SBA throws in the towel and Congress extends the PPP deadline
After Congress authorized hundreds of billions of dollars for small business relief during COVID-19, the Small Business Administration (SBA) by rule and by policy imposed restrictions on applicants with an arrest or conviction history. As we have documented, these SBA barriers, neither required nor contemplated by Congress, unlawfully impeded access to the Paycheck Protection Program (PPP) and the Economic Injury Disaster Loan (EIDL) program. Over many weeks, the Administration stubbornly defended those barriers. Finally, facing a bipartisan chorus of criticism including from members of Congress, and lawsuits in federal court, the Administration threw in the towel.
On June 12, shortly after the SBA eased some of the PPP restrictions, lawsuits were filed in federal court by several Maryland business owners challenging those restrictions. On June 24, SBA further relaxed its PPP barriers, this time in a far more significant fashion, notably making the business owners who had sued the SBA eligible. But the latest policy change came with less a week before the June 30 application deadline.
Then, just one day before the deadline, a federal judge ruled that the SBA’s criminal history restrictions on PPP, except for the June 24 policy change, were likely unlawful. The court extended the deadline to apply, but only for the small business owners who had sued.
In a dramatic finale, Congress extended the PPP application deadline to August 8 for everyone. This extension, signed into law on July 4, gives business owners made eligible under the June 24 policy a meaningful opportunity to learn about their eligibility and complete the application process. A good outcome all around, thanks to the many people who refused to take no for an answer!
Specifically, the federal court held that the SBA’s criminal history exclusions issued in April 15 and June 12 regulations were likely arbitrary and capricious because they “contain no explanation for the criminal history exclusion.” In contrast, the court found that the June 24 regulation “provides a reasoned explanation for a more limited criminal history exclusion.” The more limited exclusion excludes applicants who answer yes to either of the following questions, per the current application form:
5. Is the Applicant (if an individual) or any individual owning 20% or more of the equity of the Applicant presently incarcerated or, for any felony, presently subject to an indictment, criminal information, arraignment, or other means by which formal criminal charges are brought in any jurisdiction?
6. Within the last 5 years, for any felony involving fraud, bribery, embezzlement, or a false statement in a loan application or an application for federal financial assistance, or within the last year, for any other felony, has the Applicant (if an individual) or any owner of the Applicant 1) been convicted; 2) pleaded guilty; 3) pleaded nolo contendere; or 4) commenced any form of parole or probation (including probation before judgment)?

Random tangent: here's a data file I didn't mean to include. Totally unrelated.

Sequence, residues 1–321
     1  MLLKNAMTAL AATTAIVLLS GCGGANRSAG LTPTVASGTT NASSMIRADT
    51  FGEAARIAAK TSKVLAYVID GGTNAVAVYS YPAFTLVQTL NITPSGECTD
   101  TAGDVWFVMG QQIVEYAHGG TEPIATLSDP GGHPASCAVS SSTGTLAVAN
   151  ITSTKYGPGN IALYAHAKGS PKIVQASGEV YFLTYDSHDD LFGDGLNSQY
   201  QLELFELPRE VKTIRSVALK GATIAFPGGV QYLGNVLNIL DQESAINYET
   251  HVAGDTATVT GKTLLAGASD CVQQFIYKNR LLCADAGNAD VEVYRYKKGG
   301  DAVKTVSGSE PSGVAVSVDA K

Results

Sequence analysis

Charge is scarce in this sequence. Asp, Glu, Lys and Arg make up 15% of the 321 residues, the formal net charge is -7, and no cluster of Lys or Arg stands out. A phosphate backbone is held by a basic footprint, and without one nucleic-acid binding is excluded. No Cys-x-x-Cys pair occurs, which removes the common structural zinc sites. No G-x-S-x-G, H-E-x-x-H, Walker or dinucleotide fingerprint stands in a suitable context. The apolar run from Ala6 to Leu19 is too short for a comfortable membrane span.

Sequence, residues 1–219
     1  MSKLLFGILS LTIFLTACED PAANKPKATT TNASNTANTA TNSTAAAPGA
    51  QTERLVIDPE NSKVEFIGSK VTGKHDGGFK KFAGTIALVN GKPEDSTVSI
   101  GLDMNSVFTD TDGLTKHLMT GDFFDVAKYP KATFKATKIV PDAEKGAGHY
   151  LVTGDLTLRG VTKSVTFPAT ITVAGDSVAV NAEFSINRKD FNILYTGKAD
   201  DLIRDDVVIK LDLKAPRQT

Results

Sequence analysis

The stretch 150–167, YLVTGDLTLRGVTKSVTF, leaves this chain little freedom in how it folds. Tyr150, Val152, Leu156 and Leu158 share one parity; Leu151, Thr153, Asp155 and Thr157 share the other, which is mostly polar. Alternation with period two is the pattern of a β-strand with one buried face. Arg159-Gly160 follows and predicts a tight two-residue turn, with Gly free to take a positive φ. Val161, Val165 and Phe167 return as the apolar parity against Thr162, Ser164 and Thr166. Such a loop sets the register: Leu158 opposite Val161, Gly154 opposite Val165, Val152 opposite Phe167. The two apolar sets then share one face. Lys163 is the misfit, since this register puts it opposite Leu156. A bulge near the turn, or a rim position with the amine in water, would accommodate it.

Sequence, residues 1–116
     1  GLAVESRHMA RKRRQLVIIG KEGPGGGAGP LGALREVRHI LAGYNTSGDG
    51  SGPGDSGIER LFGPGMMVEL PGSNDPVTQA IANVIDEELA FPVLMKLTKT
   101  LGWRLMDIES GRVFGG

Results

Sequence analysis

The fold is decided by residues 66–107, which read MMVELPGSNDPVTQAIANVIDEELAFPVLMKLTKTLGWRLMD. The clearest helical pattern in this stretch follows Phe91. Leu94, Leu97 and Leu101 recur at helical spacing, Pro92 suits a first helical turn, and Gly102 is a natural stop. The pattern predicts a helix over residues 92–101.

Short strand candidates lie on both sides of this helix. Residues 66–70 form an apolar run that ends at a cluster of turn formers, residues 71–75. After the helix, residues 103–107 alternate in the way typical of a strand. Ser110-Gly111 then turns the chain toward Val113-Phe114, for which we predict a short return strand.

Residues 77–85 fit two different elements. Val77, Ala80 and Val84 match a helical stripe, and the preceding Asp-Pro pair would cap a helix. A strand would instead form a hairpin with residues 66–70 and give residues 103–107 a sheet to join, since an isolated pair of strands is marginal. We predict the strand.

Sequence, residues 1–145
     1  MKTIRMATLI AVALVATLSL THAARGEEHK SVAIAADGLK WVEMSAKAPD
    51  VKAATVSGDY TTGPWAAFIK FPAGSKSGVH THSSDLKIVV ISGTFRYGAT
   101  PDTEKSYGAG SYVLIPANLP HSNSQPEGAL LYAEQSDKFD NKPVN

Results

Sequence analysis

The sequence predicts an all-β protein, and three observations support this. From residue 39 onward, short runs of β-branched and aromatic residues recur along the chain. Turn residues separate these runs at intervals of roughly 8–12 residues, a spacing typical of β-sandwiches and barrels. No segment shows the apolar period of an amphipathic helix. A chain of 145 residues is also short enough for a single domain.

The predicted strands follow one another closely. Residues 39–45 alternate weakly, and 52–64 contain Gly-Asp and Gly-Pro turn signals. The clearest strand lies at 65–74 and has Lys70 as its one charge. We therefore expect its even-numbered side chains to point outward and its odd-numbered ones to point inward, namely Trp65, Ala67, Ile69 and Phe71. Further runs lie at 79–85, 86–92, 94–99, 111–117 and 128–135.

“I am grateful for a legal outcome that gives me a chance to apply for this loan instead of excluding me unfairly because of my former incarceration,” said Sekwan Merritt, one of the plaintiffs, owner of Lightning Electric. “It is critical for business owners like myself to have the same opportunity to get this crucial funding.”
“The SBA must not repeat this injustice in any future aid programs, and we hope that the clear message sent by today’s ruling will insure that they won’t,” said Claudia De Palma, staff attorney at the Public Interest Law Center. “The ruling rightly calls the SBA’s previously broad exclusions of business owners with criminal records unlawful,” said ReNika Moore of the ACLU. “The SBA must do away with policies that exclude Black and Brown entrepreneurs.”
Experience in the past three months has shown how counterproductive such policies can be. People turn their lives around and start small businesses, only to be shut out of emergency assistance programs with little or no explanation.
These restrictions also result in disparate racial impacts, given longstanding institutional racism in the criminal justice system. A study conducted by three economists and published by University of Michigan Institute for Social Research, looked at data from seven states and found that the SBA’s original PPP criminal history exclusions had a disparate impact, with Black and Hispanic men, and Black women, experiencing higher than average exclusion from PPP eligibility.
Looking ahead to what small business owners with records may expect from the SBA in the future, we will work to ensure that SBA does not forget the lessons learned during the past three months. At a minimum, the SBA should accord the same treatment to applications from people with criminal records under future stimulus programs, as well as the regular 7(a) and 7(b) small business loan programs, as it is now willing to accord them in the final stage of PPP applications. We will continue to work for the elimination of all categorical bars based on criminal record for small business funding, occupational licenses, and other government benefits. But for this stage, it was a good outcome all around thanks to the many people who would not take no for an answer!
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